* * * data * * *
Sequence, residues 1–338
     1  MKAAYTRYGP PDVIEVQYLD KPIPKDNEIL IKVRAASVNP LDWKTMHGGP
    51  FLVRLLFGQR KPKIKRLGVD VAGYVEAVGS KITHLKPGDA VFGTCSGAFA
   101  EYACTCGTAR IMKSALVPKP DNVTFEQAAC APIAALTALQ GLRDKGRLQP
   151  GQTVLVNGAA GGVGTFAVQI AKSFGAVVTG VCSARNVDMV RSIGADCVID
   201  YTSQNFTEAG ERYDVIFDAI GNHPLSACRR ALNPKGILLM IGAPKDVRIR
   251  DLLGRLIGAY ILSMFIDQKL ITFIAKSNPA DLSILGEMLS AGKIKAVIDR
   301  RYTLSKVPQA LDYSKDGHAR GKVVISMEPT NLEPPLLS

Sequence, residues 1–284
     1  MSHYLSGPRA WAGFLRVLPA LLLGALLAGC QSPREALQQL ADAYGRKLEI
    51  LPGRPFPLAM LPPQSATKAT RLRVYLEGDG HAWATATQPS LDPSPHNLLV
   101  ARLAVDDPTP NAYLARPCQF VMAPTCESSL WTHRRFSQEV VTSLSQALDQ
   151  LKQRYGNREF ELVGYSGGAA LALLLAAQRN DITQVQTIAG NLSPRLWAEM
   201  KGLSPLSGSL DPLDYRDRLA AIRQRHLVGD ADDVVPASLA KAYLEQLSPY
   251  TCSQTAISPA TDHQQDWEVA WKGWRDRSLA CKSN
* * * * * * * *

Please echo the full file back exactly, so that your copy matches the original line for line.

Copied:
Sequence, residues 1–338
     1  MKAAYTRYGP PDVIEVQYLD KPIPKDNEIL IKVRAASVNP LDWKTMHGGP
    51  FLVRLLFGQR KPKIKRLGVD VAGYVEAVGS KITHLKPGDA VFGTCSGAFA
   101  EYACTCGTAR IMKSALVPKP DNVTFEQAAC APIAALTALQ GLRDKGRLQP
   151  GQTVLVNGAA GGVGTFAVQI AKSFGAVVTG VCSARNVDMV RSIGADCVID
   201  YTSQNFTEAG ERYDVIFDAI GNHPLSACRR ALNPKGILLM IGAPKDVRIR
   251  DLLGRLIGAY ILSMFIDQKL ITFIAKSNPA DLSILGEMLS AGKIKAVIDR
   301  RYTLSKVPQA LDYSKDGHAR GKVVISMEPT NLEPPLLS

Sequence, residues 1–284
     1  MSHYLSGPRA WAGFLRVLPA LLLGALLAGC QSPREALQQL ADAYGRKLEI
    51  LPGRPFPLAM LPPQSATKAT RLRVYLEGDG HAWATATQPS LDPSPHNLLV
   101  ARLAVDDPTP NAYLARPCQF VMAPTCESSL WTHRRFSQEV VTSLSQALDQ
   151  LKQRYGNREF ELVGYSGGAA LALLLAAQRN DITQVQTIAG NLSPRLWAEM
   201  KGLSPLSGSL DPLDYRDRLA AIRQRHLVGD ADDVVPASLA KAYLEQLSPY
   251  TCSQTAISPA TDHQQDWEVA WKGWRDRSLA CKSN